HEYDORN’S TAKE: Appreciate the career of The Miz, but question recent booking


The Miz (Photo credit Scott Lunn - @ScottLunn © PWTorch)


What do we make of this Miz situation?

Awwwwwesome? Or Awwwwwful?

As soon as the referee’s hand hit the mat for the third count with Miz draped over Drew McIntyre to win his second WWE Championship a week ago at the Elimination Chamber PPV event, that debate raged like a wildfire.

The arguments as I saw them? Miz’s longevity and ability to be a chameleon in the WWE corporate environment makes him worthy of the WWE Championship vs. It’s Miz. He’s awful. Get him out of my WWE Championship picture. What garbage.

Here’s the thing. Neither one of those arguments is accurate. Miz is Miz and we all know that. We know what he does and what he has brought to the table throughout his career. Appreciate that career, but c’mon, question the recent booking too.

The Miz has not been presented as, and at this time is not, a credible professional wrestler in the ring. We see glimpses of a serious character pop up now and then, but it’s inconsistent at best. At worst, the context of the character blows with the wind and the long list of needs that the WWE corporation demands. Reality shows, comedy bits on television, corporate appearances, fan events, media obligations, and a host of other appearances as brief examples. Championship wrestler is nowhere to be found on that list.

Therein lies the problem. If you train the audience that your act exists for reasons outside of the functional narratives on WWE television that revolve around winning titles, it’s almost impossible to convince the same audience that a championship win is in the cards without it feeling like an out-of-left-field shock tactic.

That’s what Elimination Chamber was. Yes, Miz had the Money in the Bank briefcase, but his interactions in the build to that PPV involved celebrity comedy with Bad Bunny instead of wins in matches or promos that positioned him as a viable threat.

So, Miz walking out of Elimination Chamber with the WWE Championship was severely questionable. The move buckled over and laughed in the face of real pro wrestling logic when that logic was always available to WWE. They just needed to try and activate it.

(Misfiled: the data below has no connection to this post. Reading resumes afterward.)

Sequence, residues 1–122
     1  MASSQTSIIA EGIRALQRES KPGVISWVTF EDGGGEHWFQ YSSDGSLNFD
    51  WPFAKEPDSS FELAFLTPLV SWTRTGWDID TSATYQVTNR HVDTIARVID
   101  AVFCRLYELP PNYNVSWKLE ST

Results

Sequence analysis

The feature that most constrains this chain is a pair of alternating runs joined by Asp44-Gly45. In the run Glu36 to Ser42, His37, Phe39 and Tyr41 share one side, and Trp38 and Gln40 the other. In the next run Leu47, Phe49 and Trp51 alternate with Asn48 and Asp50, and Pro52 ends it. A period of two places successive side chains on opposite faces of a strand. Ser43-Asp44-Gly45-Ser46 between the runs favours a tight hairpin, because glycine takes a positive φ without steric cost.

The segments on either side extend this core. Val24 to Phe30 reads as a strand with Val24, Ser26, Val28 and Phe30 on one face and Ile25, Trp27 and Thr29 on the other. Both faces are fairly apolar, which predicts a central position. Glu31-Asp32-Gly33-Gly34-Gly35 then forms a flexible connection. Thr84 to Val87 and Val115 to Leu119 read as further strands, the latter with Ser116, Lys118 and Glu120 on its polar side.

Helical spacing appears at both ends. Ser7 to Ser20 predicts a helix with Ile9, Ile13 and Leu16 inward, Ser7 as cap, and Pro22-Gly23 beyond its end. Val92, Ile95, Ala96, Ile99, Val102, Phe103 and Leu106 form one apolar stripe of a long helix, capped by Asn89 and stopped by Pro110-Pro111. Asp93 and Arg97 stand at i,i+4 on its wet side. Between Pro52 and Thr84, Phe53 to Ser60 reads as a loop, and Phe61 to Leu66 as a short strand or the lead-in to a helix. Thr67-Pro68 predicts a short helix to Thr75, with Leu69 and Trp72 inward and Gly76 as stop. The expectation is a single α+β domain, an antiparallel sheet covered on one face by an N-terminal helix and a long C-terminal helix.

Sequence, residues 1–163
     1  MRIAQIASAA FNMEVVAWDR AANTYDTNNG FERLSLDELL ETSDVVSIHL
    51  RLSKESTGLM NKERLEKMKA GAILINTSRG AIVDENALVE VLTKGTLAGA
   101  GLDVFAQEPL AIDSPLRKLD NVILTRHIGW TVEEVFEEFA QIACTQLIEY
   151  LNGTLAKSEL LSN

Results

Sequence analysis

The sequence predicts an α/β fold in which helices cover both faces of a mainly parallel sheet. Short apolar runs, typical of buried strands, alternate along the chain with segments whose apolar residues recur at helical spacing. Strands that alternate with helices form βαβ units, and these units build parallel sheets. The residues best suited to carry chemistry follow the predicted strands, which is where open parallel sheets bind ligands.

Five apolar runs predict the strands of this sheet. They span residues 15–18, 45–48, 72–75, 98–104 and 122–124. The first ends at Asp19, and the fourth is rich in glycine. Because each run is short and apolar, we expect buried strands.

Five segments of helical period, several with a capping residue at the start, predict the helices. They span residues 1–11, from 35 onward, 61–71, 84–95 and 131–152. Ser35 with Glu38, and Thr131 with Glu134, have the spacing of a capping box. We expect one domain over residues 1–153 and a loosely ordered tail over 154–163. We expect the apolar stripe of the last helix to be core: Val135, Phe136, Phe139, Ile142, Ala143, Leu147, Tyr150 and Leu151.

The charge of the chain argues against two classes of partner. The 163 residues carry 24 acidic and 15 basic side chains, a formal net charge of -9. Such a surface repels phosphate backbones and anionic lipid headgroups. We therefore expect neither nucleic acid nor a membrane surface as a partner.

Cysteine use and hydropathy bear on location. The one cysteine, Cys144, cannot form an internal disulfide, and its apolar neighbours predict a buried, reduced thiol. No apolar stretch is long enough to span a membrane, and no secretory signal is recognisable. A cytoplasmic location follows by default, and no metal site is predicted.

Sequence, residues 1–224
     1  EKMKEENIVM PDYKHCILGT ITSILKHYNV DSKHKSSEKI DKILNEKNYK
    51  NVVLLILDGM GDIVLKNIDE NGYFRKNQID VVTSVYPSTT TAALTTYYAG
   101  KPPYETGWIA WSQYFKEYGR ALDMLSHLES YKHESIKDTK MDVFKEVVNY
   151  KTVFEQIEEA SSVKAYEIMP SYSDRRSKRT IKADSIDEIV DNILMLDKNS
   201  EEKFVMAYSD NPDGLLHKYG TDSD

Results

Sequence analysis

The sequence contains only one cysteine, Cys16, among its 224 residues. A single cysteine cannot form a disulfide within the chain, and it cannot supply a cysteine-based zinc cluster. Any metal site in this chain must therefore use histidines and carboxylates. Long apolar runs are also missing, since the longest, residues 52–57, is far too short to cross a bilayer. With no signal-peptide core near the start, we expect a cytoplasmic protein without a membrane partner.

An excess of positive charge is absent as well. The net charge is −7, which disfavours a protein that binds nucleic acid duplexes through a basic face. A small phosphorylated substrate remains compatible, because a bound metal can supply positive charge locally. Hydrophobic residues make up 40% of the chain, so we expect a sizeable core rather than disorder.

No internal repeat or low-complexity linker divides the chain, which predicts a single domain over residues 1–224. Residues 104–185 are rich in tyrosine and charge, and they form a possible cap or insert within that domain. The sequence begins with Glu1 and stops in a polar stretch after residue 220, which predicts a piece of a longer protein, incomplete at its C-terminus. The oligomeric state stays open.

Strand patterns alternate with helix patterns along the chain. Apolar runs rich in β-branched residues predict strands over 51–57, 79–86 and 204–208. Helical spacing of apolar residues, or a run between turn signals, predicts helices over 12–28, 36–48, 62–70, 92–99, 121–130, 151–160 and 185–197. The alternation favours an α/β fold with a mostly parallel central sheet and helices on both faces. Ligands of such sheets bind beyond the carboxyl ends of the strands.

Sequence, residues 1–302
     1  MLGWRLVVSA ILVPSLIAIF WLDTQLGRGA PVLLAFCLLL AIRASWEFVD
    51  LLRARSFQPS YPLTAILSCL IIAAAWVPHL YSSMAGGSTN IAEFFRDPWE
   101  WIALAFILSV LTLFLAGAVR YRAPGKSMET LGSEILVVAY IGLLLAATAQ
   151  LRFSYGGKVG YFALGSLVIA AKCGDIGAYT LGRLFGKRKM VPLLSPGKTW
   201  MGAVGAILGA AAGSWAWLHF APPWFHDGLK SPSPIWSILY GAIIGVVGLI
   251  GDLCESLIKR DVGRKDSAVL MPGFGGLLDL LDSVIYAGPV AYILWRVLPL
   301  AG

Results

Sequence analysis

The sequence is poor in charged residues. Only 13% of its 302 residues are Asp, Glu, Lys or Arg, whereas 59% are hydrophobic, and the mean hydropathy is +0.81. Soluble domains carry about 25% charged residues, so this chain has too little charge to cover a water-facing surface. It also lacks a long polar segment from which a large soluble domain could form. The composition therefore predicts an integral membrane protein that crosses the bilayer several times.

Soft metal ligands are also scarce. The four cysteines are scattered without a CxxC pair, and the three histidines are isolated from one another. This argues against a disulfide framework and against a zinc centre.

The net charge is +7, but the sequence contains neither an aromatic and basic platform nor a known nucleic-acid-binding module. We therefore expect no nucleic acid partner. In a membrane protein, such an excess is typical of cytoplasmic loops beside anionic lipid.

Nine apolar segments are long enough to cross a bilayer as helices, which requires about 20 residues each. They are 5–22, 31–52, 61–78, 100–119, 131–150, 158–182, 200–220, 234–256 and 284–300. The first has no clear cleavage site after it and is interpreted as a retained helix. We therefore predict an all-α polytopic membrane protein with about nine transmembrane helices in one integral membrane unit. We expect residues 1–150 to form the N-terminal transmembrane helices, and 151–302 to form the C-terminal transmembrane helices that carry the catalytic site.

Don’t mean-tweet me yet Miz fans. The defense is on the way.

Miz is not a credible professional wrestler in the ring, but he is a pros pro in terms of using the business to serve him, elevate his star power, grow his bank account, and thrive as a businessman. It’s strange to say, but bruisers like Stan Hansen and Bruiser Brody might just be proud of him.

Those guys and a host of others throughout history knew their worth. They knew what they brought to the table and held firm on business decisions because of that knowledge. During their time, they wouldn’t be able to fathom how that notion would change, but Miz is essentially executing the same strategy and it’s working.

The Miz is a reality show “star” and has parlayed that gimmick into a 15-year career with WWE. His strength is his ability to blow with the wind and the long list of needs that the WWE corporation demands. I believe I read that somewhere else. That’s his worth. It’s what Miz brings to the table and like Hansen’s lariat, it’s why he’s able to cash what has to be some pretty thick WWE checks for over a decade.

Pro wrestling is a business and Miz’s success in finding and exploiting the current landscape to make money is normal. In his case, it also leaves championship reigns, big time matches, and memorable pieces of in-ring business off the table.

We can end the debate, folks. Miz’s longevity and ability to be a chameleon in the WWE corporate environment does not make him worthy of the WWE Championship, but is valuable for that corporate environment to have. For that reason, Miz isn’t awful, but should be far away from the WWE Championship picture.

NOW CHECK OUT LAST WEEK’S TAKE: HEYDORN’S TAKE: Don’t hold me to this – WWE Elimination Chamber 2021

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